(c) Requesting the Secretariat, at the time of the adoption of a
legislative mandate requesting documentation, to indicate whether the
documentation could be prepared within existing staff and financial resources
and, if not, to give the costs involved;

     (d) Mandating the presentation of oral rather than written reports,
particularly in regard to progress reports and reports that are presented on
an annual basis;

     (e) Encouraging the submission of a single "consolidated" report on
related topics under a single item or sub-item of the agenda;

     (f) Requesting the Secretariat to compile for the Council and for each
of its subsidiary bodies a list of documents mandated in resolutions and
decisions to be adopted at a given session in order to give members a clear
picture of all documentation requested and to include in the report on the
status of documentation for a given session a list of all reports already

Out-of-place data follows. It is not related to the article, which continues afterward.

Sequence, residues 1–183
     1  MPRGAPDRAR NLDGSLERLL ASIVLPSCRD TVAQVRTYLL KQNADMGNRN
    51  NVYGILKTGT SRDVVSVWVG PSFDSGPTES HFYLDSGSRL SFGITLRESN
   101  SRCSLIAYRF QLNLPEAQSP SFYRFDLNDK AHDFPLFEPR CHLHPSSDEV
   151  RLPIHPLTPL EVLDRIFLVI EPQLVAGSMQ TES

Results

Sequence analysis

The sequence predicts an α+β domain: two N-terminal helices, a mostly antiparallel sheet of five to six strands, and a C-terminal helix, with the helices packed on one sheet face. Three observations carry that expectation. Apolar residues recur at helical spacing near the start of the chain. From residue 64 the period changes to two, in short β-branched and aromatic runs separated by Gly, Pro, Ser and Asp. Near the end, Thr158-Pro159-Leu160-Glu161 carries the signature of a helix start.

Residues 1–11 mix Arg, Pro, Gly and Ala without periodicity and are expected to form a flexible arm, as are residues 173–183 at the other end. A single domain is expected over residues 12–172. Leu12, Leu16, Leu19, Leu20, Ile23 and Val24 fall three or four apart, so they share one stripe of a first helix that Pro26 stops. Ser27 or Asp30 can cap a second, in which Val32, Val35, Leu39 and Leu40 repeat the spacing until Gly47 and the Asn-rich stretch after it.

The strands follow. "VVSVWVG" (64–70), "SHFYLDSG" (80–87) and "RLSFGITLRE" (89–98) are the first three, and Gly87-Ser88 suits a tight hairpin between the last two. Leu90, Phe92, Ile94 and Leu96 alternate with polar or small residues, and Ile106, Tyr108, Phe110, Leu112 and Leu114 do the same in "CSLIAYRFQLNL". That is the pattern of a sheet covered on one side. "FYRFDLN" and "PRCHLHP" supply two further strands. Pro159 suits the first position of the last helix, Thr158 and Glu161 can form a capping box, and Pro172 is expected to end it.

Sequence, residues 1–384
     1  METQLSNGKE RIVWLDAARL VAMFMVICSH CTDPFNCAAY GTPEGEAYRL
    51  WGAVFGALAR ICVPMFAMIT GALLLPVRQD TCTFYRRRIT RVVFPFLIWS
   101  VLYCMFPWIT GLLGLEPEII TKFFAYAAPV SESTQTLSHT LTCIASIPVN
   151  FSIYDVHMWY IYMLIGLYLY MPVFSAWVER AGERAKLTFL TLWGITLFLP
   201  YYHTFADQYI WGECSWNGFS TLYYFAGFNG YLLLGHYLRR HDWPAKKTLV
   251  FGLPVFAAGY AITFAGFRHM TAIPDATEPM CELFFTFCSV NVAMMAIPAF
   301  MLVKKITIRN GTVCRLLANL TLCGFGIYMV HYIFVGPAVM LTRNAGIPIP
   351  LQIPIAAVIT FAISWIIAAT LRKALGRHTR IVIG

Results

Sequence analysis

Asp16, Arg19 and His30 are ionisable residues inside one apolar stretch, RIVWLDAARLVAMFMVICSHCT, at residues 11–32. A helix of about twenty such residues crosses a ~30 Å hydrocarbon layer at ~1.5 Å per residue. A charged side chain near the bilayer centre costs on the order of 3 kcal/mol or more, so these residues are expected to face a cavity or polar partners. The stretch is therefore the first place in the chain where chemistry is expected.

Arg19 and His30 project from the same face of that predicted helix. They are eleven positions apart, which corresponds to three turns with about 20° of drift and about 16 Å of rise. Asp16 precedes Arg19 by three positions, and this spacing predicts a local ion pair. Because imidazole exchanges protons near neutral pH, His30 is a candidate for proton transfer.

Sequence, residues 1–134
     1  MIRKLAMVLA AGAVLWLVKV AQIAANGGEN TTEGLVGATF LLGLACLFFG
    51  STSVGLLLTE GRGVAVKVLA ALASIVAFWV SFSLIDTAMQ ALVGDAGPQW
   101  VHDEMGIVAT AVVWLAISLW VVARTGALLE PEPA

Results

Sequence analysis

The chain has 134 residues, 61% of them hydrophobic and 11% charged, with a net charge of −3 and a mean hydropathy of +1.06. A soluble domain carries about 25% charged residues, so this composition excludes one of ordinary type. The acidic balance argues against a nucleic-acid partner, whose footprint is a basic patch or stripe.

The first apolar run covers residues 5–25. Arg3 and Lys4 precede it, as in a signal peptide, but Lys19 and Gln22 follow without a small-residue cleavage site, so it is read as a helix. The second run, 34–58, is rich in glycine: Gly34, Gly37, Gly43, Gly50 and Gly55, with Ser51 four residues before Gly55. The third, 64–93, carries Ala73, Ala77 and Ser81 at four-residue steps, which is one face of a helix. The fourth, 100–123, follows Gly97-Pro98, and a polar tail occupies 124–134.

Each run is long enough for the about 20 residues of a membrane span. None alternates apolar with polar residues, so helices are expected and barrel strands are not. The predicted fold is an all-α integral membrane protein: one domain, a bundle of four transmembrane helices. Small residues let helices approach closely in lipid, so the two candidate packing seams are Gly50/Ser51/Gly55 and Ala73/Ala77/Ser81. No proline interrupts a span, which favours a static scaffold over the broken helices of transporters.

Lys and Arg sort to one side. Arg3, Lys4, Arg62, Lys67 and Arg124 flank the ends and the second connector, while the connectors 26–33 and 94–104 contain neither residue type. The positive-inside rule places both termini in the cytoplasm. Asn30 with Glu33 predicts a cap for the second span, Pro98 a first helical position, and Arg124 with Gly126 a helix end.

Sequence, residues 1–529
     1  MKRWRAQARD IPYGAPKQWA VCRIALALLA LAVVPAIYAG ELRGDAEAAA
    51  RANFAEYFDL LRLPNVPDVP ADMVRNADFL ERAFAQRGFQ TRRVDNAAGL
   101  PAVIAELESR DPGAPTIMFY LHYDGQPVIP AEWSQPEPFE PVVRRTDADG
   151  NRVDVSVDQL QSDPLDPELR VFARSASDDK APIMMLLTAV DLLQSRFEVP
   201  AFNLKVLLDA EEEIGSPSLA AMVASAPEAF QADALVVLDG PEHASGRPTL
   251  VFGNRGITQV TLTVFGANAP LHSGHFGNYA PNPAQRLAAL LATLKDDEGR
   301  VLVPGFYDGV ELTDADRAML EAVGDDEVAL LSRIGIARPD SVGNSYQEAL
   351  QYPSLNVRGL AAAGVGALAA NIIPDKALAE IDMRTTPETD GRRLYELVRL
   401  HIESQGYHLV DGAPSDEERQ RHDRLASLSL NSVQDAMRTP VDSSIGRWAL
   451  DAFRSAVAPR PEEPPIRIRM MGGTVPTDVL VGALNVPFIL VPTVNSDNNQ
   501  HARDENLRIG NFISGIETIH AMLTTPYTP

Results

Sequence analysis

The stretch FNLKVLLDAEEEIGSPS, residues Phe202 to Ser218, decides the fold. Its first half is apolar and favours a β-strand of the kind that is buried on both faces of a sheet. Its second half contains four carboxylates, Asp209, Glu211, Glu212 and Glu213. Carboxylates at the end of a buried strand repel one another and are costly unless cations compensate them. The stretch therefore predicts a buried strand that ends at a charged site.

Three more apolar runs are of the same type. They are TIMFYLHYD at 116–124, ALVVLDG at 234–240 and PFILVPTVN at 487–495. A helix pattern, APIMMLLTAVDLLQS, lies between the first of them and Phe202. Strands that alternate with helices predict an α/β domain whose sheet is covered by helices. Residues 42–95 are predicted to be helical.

mandated for the coming year;

     (g) Making increased efforts at biennialization or triennialization of
agenda items or sub-items.  The Council and its subsidiary bodies should
consider if, in fact, the majority of agenda items need to be examined on an
annual basis.


                        D.  Economic and Social Council

                Action taken by the Economic and Social Council

10.  It may be recalled that in its decision 1995/321 of 12 December 1995,
the Council had decided that it would decide at its organizational session for
1996 on the allocation of a number of meetings, within the general segment of
its substantive session of 1996, to determine how to ensure harmonization and
coordination of the agendas and multi-year programmes of work of its
functional commissions.  To facilitate the Council's consideration of the
matter, the Secretariat prepared a background paper on the harmonization and
coordination of the agendas and multi-year programmes of work of the
functional commissions of the Council. 4/  At its substantive session of 1996,
the Council adopted resolution 1996/36 of 26 July 1996 on the follow-up to the
major international United Nations conferences and summits, including the
implementation of their respective programmes of action, wherein it decided
that the Council should continue to ensure, on a regular basis, the
harmonization and coordination of the multi-year programmes of relevant
functional commissions by promoting a clear division of labour among them and